4. "Japan's nuclear policy shift marks a turning point for uranium." Mining.com. 26 Aug. 2022. Link.
  5. "EIA projects nearly 50% increase in world energy usage by 2050, led by growth in Asia," US Energy Information Administration. 24 Sept. 2019. Link.

Private placements are one tool to invest in these trends

As has been the case for decades, private placements may be one way to invest in cyclical resource markets. This is true despite the fact that private placements are among the riskiest investment tools available. For some investors, the upside potential of private placements may outweigh the risks.

But for those not in the know, what is a private placement?

A private placement is a transaction that takes place directly between an investor and an issuer, whether that's a public company looking to raise funds or a private company aiming to bring in a select few buyers. These deals take place outside of the open retail market, providing investors with an equity or debt position in a restricted security. Past performance is not indicative of future returns.

what is a privateplacement

If qualified private placements are arranged by companies seeking capital, often ones from industries seen currently as less favorable by traditional retail investors, like mining. These offerings allow investors to sidestep the retail equity marketplace, providing them with a few key benefits:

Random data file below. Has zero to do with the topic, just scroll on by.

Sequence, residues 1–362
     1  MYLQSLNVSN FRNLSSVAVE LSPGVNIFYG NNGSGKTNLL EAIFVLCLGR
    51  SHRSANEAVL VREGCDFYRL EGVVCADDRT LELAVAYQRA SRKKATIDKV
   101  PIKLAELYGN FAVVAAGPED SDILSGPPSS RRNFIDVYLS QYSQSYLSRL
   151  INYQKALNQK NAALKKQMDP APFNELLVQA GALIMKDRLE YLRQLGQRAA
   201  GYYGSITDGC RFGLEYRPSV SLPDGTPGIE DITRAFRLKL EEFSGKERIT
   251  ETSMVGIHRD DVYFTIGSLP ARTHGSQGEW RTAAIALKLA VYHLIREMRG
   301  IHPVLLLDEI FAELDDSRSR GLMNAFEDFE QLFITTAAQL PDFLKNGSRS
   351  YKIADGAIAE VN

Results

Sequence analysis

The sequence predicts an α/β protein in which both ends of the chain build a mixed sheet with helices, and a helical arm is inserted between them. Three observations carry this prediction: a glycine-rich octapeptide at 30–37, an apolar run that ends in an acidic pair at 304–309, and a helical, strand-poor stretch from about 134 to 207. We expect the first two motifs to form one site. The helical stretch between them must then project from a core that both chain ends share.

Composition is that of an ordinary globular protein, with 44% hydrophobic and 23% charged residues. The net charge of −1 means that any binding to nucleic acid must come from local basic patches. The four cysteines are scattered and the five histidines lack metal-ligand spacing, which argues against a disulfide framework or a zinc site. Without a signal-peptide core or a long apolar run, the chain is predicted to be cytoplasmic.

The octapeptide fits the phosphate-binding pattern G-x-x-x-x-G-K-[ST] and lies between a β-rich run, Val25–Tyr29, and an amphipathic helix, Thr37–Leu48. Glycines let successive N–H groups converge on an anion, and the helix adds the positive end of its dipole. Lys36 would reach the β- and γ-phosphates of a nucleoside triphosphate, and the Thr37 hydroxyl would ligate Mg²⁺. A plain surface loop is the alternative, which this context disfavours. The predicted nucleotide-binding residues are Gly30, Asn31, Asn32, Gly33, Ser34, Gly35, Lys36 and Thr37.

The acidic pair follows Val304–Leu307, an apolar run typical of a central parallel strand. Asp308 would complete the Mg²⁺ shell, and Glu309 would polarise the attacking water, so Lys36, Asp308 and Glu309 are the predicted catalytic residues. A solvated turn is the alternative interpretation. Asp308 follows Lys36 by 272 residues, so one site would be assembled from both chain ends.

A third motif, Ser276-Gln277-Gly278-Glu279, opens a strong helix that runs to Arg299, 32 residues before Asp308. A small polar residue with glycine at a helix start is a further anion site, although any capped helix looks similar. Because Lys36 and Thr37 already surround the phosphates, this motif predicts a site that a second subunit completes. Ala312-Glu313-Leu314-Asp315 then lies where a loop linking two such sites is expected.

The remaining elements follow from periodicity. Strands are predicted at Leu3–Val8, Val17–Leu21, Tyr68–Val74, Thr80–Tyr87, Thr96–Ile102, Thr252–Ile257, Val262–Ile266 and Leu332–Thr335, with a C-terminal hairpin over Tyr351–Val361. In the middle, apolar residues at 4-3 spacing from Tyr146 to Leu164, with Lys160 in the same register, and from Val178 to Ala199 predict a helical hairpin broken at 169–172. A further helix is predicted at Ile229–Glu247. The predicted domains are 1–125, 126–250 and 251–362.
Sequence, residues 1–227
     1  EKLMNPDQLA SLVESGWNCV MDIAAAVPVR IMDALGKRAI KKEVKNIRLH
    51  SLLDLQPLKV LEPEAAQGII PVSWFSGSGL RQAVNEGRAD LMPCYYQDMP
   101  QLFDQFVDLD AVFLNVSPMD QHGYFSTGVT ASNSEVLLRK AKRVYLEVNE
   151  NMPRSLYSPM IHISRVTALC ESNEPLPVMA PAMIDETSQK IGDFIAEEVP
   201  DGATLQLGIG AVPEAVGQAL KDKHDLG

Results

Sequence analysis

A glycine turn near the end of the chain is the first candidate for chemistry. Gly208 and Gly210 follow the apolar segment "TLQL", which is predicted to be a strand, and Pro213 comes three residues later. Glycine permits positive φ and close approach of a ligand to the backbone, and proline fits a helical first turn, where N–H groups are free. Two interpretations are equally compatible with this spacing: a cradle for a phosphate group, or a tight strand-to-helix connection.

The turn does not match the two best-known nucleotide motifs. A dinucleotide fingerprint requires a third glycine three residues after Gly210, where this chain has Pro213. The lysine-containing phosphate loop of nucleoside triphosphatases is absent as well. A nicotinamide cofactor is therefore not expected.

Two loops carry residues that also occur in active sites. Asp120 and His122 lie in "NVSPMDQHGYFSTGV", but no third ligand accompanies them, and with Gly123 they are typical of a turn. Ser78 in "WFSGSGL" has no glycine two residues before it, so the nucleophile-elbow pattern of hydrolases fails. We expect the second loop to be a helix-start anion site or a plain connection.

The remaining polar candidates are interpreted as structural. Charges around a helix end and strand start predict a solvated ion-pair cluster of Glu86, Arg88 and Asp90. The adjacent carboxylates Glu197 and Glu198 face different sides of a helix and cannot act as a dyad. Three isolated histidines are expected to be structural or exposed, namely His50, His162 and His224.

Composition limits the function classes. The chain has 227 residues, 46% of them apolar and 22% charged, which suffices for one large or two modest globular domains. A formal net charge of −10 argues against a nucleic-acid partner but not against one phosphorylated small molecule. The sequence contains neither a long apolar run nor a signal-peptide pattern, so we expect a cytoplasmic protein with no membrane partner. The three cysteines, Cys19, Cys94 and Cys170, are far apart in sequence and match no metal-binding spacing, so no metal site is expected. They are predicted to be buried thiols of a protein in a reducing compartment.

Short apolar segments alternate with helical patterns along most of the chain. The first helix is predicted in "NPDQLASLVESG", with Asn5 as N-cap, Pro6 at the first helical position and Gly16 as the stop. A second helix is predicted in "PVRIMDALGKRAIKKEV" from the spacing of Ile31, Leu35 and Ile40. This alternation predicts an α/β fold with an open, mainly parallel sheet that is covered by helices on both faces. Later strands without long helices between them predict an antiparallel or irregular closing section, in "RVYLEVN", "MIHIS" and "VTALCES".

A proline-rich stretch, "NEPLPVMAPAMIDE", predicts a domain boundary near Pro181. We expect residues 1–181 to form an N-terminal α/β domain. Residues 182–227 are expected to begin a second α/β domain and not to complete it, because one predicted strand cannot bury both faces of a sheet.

Warrants

Because private placements are high-risk investments, in some situations companies will incentivize your participation by attaching purchase warrants to each unit issued in the deal. Each full warrant gives the holder the right to purchase an additional share, portion of a share, or subscription receipt of the company at a locked, specified price at any time prior to the warrants' expiration date. Warrants are the most attractive quality of private placements, though there are certainly many offerings that do not include warrants as part of the deal structure. It's also worth noting that warrants carry their own risks. It's certainly possible for a warrant to expire out of the money and end up worthless.

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Shares at a discount